The fight for women’s rights has been a dynamic and lengthy one. First, Second, and Third Wave Feminism have given way to a 21st century feminism that is slightly harder to define.
A major part of political feminism and women’s rights today are the issues of birth control and abortion. The topic encompassed discussions of gender equality, morality, and whether or not women should have total say in keeping or aborting their unborn children.
The issue of birth control has been a huge factor in recent elections; President Obama owes his female support in part to his policies on more accessible birth control and less restricted abortion.
However, one thing that Obama did not entirely endorse is complete lack of restriction of the morning-after pill, or “Plan B.”
While approving the general idea of the morning-after pill, President Obama and his administration felt that some restrictions were practical and necessary. For the past year, Obama has argued that the pill should be easily available to all women above a certain age: 17.
For all women above the age of 17, the morning-after pill could be purchased without a prescription. However, many felt that is was “common sense” to have an age restriction, while others felt that enabling young women or girls to acquire the pill would promote promiscuity.
Whatever the line of thinking, the yearlong debate has ended as the Obama administration backs down from its stance. Many disapprove, but its news worth celebrating for women’s rights activists and sexually active 16-year-olds across the nation.
Most liberal-minded individuals could agree that all women have a right to easily accessible birth control. But is eradicating the age restriction on this controversial drug really a good idea?
To those who accuse accessibility to the pill of endorsing promiscuity in young women, think about the mentality of the average teenager. In the mind of a 16-year-old girl or boy, they are invincible; nothing like an unplanned pregnancy could possibly happen to them. So, does taking away an option of birth control really mean anything to them?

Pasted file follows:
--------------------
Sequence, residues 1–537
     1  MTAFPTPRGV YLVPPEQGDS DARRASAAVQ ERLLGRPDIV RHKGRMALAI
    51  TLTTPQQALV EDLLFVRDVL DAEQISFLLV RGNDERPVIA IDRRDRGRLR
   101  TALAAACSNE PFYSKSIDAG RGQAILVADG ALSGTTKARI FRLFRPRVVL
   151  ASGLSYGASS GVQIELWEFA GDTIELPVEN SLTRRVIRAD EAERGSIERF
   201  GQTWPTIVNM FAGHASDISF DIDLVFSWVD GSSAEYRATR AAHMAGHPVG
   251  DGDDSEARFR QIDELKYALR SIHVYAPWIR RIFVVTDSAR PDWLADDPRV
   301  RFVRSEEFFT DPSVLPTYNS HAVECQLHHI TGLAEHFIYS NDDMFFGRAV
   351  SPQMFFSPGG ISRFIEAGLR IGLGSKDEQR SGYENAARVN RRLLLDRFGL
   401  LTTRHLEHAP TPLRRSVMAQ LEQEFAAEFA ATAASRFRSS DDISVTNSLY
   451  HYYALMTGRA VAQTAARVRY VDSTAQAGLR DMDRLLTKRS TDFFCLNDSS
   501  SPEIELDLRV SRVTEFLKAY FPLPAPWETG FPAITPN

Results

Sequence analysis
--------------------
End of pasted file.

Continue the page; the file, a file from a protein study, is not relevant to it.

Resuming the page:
No. If they’re determined, they’re going to have sex anyway.
Secondly, the argument for unrestricted morning-after pill access wouldn’t even exist if there weren’t already enough sexually active teens. People didn’t want unrestricted access so that teens could have sex, they wanted it because teens are already having sex.
That isn’t to say that the argument couldn’t be made that unrestricted access influences adolescent sex in some way. But the fact remains that whether we approve of it or not, individuals under the age of 17 are going to be sexually active.
A word that is thrown around a lot in any discussion about minors is “safety.” Inevitably, many people believe that individuals under the age of 17 should not take the morning-after pill because it is not “safe.” Fortunately, this isn’t true.
The pill has very few short-term side effects (such as headaches or nausea) and long-term side effects are extremely rare. This is true for women of all ages. As a result, even those of us desperate to protect our youth at any cost have to admit that the pill is fairly safe.
Most young people are not ready to be mothers or fathers, or even to bear children (even if they give the baby up for adoption). The most obvious solution to this is to not have sex, but it’s not a realistic expectation.
Having unrestricted access to all forms of birth control in this day and age is practically a necessity. We don’t like to think that the people who we think of as “kids” are having sex, but it’s happening regardless.
For me and many others, the unrest about this new plan isn’t that our youth can access birth control, but rather that they need it. It’s unfortunate that so few adolescents are incapable of making intelligent, safe decisions, but it’s nothing that we can change immediately.
Rather than denying access to birth control because we don’t agree with adolescent sexual activity, we should deal with the problem at its root and examine why so many teens have unprotected sex outside of committed relationships.
Overall, this newest decision by the federal government symbolizes a large and positive step in women’s rights. Whether we disapprove of someone’s decisions, they are in the end their decisions to make. Enabling all women to purchase the morning-after pill, though it may make us uncomfortable, is the right thing to do.